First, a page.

London’s unsung social housing architecture gets a fresh look in new book The Council Estate
In London, some council estates have achieved celebrity status. When Erno Goldfinger’s Balfron Tower in Poplar was controversially turned into personal flats, the internet marketing suite even marketed tote bags branded with an graphic of the Modernist large-rise.
But hidden away in the cash are hundreds of lesser-recognised estates just as architecturally considerable, if not all as perfectly preserved. These “undermined and underfunded” buildings are now staying celebrated in a new guide by south London photographer Jack Younger.
Younger, a item designer, used years scouring each individual inch of the capital to uncover its most photogenic housing assignments. His collection of 68 photos types a new collection, The Council Household, featuring individual interviews with residents and insights into the buildings’ layouts.
“I hope that by championing the hidden attractiveness in some of the estates featured, that the e-book may problem unfavorable perceptions that individuals may possibly have in the direction of council housing and its architecture,” said Younger.
“Too frequently these estates are depicted as backgrounds to gritty tv dramas or encapsulated in imposing black and white photography.”
The venture is well timed, with the British isles presently savoring anything of a council housing revival. Soon after decades of inactivity thanks to lack of funding, the final handful of many years have observed a gradual but steady development in nearby authority-backed housebuilding. In 2019, the Stirling Prize for the UK’s most effective new constructing went to a council housing undertaking for the initial time, Goldsmith St in Norwich intended by Mikhail Riches Architects.
In the money, architect Peter Barber has also received plaudits for his inventive social housing jobs these kinds of as a cluster of townhouses made for Newham Council, and a 33-dwelling mansion block in Southwark. This 7 days Sadiq Khan hailed the “resurgence” of council housebuilding in London, saying the quantity of residences commenced on a yearly basis had elevated 6-fold, with perform commencing on in excess of 11,000 houses due to the fact 2018.
It reverses several years of decline, nevertheless still falls brief of the highs noticed in the publish-War yrs, in which once-a-year completions averaged all-around 126,000.
Young’s images mostly rejoice the golden period of social housing in the 1960s and 70s, when quite a few London councils experienced formidable, idealistic, in-dwelling architecture teams coming up with housing on a huge scale.
The ebook highlights gems like Holmefield Property, just all-around the corner from Goldfinger’s Trellick Tower in west London.
The tiled 1967 housing estate was built by Julian Keable & Companions with porthole home windows and mock-classic pillars and was commissioned by the now-disbanded Kensington Metropolitan Borough Council.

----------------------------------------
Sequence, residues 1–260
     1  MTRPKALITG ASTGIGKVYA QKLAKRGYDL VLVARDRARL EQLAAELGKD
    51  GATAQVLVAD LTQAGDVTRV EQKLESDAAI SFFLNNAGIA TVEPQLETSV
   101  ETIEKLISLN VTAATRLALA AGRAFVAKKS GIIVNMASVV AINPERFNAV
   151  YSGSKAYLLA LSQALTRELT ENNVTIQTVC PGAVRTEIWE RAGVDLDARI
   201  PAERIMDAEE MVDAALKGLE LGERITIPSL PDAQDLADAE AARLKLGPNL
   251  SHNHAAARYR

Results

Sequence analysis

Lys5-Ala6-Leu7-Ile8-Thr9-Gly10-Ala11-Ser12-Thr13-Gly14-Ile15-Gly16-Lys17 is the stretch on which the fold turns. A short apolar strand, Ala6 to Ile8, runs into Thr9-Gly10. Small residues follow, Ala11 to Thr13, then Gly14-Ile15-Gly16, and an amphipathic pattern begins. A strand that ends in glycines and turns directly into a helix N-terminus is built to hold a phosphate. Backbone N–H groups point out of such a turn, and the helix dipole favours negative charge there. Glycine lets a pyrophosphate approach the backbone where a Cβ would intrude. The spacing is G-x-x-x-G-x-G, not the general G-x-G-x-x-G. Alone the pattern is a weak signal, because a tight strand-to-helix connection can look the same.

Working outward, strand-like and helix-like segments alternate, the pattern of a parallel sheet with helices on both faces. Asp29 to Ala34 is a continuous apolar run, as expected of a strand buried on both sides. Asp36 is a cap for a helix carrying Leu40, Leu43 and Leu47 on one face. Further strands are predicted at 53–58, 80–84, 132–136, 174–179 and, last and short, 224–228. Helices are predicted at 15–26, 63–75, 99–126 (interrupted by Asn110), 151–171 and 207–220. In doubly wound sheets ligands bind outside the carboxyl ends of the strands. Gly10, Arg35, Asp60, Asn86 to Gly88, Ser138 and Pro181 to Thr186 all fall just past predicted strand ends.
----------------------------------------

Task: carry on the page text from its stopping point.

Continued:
In Roehampton, Younger lands on the slab towers of Alton West, element of the Alton Estate which types one particular of the UK’s greatest housing initiatives with more than 13,000 citizens. Some structures on the broader estate are currently because of to be demolished underneath controversial plans by Wandsworth Council.
Meanwhile on a Dulwich hilltop the 300-flat Dawson’s Heights overlooks swathes of south-east London.
It was created by Kate Macintosh for Southwark Council when she was just 28 decades previous. Accomplished in 1972, each and every flat has a balcony, which Macintosh fought to involve by justifying each individual as a fire escape.
Youthful also captures scaled-down facts, this sort of as an spectacular curved slide built in a children’s play space on Westminster’s Brunel Estate.
One of the UK’s only pieces of enjoy equipment to be Quality II detailed, the slide cascades down a large brick wall. Younger describes the estate as a “masterclass in balancing weighty architecture with peaceful moments of urban respite.”
Other these types of times include a staircase in Skinner, Bailey and Lubetkin’s Bevin Court in Islington or the multi-coloured stained glass windows of Trellick Tower which, Younger writes, bathes the tower’s lobby in “euphoric light” as if moving into a concrete cathedral.
The Trellick stained glass is a person of Young favorite photographs, presenting a “glimpse into the lesser-known depths of the concrete behemoth, a world normally belonging exclusively to its inhabitants.”
Youthful added: “Council housing is as considerably a element of London as Massive Ben or Buckingham Palace, yet for decades it has been neglected, undervalued and at worst actively avoided by quite a few.
“This reserve seems to be to flip the script. By showcasing the beauty and individualism in these socially crucial structures the reserve aims to problem stereotypes as we glance to restore some of the rightful delight that was initially felt towards them.”
The Council Residence by Jack Youthful is printed by Hoxton Mini Push.